So after about 20 years of working in hospitality, I finally decided to take that step and open my own business.
Now, my first idea was to open up a sandwich shop. It’s one of the ideas that I’ve been working on for awhile – simple, homemade sandwiches with a big emphasis on quality.
Quality over everything.
I realized this is a super-saturated market but I still felt like we could set ourselves apart from the rest with some unique flavours and in-house prepared meats.
I was definitely gung-ho and motivated on this idea, but after so many years of working and seeing first hand how quickly business can change (and not for the better), I knew there would be difficulties with running a brick-and-mortar operation.
We even got lucky and had a location made available where we wouldn't have to pay rent for a few months (God bless family) but it was across the city and didn't have a pre-existing kitchen. "If you build it they will come" doesn't always apply.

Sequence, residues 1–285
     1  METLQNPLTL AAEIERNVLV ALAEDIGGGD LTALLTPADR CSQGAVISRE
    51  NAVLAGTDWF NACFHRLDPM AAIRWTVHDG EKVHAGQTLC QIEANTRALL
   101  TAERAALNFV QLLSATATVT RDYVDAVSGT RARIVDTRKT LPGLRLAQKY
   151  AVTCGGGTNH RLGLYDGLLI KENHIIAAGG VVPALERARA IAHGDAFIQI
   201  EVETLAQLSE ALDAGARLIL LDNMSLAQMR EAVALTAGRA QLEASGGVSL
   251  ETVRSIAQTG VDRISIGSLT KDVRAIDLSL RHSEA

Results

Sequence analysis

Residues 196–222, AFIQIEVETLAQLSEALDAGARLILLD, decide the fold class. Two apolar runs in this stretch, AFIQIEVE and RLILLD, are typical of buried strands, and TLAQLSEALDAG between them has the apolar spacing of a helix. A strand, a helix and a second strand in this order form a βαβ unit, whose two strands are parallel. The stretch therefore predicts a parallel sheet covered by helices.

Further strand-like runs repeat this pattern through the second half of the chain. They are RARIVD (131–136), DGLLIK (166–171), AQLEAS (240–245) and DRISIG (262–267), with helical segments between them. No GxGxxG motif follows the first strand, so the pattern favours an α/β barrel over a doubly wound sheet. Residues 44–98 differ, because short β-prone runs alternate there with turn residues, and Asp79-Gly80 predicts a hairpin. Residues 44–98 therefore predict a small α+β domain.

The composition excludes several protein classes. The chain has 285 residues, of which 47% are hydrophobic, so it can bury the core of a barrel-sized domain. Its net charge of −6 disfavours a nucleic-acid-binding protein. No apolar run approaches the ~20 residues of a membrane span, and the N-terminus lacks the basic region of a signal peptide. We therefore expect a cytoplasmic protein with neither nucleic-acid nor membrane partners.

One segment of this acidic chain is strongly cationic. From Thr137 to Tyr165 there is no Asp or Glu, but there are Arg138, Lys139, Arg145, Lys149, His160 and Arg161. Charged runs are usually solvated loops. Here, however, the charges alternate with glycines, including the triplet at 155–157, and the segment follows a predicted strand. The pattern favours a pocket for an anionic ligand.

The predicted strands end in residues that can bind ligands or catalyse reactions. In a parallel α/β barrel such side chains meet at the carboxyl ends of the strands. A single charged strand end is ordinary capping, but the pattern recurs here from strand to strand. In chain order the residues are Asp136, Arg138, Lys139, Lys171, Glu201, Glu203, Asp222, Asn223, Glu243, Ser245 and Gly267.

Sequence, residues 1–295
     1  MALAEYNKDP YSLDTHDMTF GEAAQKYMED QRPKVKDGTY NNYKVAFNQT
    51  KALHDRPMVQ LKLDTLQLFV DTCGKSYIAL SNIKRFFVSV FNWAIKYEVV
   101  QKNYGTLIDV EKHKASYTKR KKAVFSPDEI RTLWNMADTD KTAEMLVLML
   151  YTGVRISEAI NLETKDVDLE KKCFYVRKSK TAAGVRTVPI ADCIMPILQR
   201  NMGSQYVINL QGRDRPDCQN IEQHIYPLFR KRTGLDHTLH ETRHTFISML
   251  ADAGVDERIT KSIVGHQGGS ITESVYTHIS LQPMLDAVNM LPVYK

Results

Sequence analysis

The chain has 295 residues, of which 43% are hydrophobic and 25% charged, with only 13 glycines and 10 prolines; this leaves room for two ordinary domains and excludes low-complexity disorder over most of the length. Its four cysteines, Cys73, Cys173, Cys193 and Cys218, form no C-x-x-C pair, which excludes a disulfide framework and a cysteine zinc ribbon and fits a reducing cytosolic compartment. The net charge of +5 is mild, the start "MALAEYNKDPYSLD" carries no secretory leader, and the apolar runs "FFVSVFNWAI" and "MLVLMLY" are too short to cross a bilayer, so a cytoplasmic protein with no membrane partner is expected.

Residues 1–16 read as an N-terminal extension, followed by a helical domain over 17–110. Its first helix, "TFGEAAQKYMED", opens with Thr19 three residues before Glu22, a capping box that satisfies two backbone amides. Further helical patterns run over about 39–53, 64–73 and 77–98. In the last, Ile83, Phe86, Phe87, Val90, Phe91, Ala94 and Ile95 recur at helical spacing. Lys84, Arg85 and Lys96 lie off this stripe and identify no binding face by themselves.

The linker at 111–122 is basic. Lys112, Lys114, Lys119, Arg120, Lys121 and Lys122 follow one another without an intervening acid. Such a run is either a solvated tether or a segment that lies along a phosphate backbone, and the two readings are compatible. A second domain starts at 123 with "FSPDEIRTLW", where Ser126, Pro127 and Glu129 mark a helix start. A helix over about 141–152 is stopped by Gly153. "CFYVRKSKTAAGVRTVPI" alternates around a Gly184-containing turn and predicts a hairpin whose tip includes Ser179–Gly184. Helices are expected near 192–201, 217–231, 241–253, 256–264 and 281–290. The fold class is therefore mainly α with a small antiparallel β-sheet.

I've learned that “the little voice in your head" is not something you should take lightly. I've learned to listen to it over the years and it’s never steered me wrong... We didn't go through with the sandwich shop - the challenges outweighed the benefits.
Since then, a lot of people have asked me why I didn’t start with a restaurant.
Besides the fact that a restaurant is a monumental financial commitment, I knew that I wanted to cater to people on a more personal level at the beginning. I’m now at the point where sharing my passion is the next step in my career and I refuse to compromise my dreams and vision.
Any chef will tell you that figuring out the finite details is part of the cooking obsession. I’ve been focused enough to create a space where I could be close to my most recent passions and focus; Leonidas and Augustus, my two sons.
I’ve got myself a small at-home business - a no-frills catering kitchen, city-approved, legal, green-card-in-the-front-window work space that’s all mine, for me to create my dreams in.
I hope you get the chance to taste them.